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# What is the Difference Between Line Pressure and Overpressure?

Sep 03, 2019

The overpressure and maximum line pressure specifications for differential transducers are often confused. This application note will describe the differences and give examples.

Over Pressure:

For all differential pressure transducers, overpressure is defined as the maximum differential pressure the transducer can withstand without compromising subsequent measurements. This is determined by the Validyne pressure range code of the transducer. The range code is given in the transducer model number.

For example, a transducer having a -36 range code will measure from 0 to +/-5 psi, differential
pressure. If the sensor is exposed to up to 10 psi differential, no damage will result and the transducer can make subsequent measurements of 5 psi and below accurately.

Some further examples:

-42 will tolerate a maximum differential pressure of 40 psi
-20 will tolerate a maximum differential pressure of 7 In H2O
-56 will tolerate a maximum differential pressure of 1000 psi

Line Pressure:
The line pressure specification is the maximum pressure that can be applied to both ports at the same time. The maximum line pressure for the SMT3151, for example, is 3200 psig, and this is the maximum pressure that can be applied to both ports simultaneously. It is often necessary to measure small differential pressures at high line pressures – as in measuring the pressure drop across a high-pressure filter. The filter may operate at 1000 psig, but have less than a 5 psi differential pressure drop across it. A SMT3151 with range code -36 could be used to measure the actual pressure drop across the filter because the + port (upstream side of the filter) might have 1005 psig and the – port (downstream side) 1000 psig. There is a difference of 5 psid but the common-mode line pressure is 1000 psig.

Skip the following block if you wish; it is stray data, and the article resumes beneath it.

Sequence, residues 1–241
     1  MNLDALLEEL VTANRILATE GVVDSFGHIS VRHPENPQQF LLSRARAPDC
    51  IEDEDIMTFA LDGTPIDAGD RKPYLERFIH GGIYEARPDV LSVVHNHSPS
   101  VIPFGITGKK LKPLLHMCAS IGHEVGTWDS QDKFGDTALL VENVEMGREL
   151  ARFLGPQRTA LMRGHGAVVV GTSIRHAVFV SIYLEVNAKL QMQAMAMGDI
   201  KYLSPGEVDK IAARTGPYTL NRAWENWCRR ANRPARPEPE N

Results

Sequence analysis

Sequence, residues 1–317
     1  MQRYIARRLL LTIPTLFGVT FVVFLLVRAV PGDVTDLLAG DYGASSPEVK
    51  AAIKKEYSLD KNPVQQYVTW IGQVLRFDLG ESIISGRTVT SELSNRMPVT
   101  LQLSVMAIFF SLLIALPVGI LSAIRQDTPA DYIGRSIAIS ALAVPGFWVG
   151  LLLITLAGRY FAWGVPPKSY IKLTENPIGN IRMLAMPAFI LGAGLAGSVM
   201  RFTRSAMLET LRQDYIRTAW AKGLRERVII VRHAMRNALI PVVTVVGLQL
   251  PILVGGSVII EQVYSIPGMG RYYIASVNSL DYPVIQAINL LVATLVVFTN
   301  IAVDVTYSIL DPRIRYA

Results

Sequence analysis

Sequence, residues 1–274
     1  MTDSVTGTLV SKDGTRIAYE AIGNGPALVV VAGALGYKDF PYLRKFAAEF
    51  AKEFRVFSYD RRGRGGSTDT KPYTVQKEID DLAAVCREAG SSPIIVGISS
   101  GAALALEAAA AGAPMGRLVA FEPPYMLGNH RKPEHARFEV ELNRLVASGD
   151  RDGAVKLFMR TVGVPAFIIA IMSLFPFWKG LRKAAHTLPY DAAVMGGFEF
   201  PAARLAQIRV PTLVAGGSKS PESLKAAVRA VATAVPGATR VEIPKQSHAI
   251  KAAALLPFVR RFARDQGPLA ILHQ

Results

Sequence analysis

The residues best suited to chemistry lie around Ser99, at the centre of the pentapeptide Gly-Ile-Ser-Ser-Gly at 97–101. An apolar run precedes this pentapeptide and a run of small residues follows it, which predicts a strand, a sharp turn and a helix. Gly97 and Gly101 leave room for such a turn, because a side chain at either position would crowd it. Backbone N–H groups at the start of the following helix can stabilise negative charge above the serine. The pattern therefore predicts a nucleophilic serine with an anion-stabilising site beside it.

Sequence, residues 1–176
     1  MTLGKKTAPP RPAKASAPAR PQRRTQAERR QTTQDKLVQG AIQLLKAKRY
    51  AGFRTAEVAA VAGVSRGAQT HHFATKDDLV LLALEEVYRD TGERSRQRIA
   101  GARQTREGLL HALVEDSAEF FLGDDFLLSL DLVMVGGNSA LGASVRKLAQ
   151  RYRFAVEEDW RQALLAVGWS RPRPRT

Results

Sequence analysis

There is a slight error that occurs as a function of line pressure – the zero output will shift as much as 1% per 1000 psig of line pressure. This can be corrected using a 3-valve manifold so that the differential pressure can be equalized across the sensor while the full line pressure is applied to both ports. Turning the Zero adjustment will re-zero the output signal at the operating line pressure.

For any differential transducer operating at high line pressures, care must be taken not to expose one side of the transducer to full line pressure while the other side is at atmospheric pressure – this will result in severe over pressure and require repair.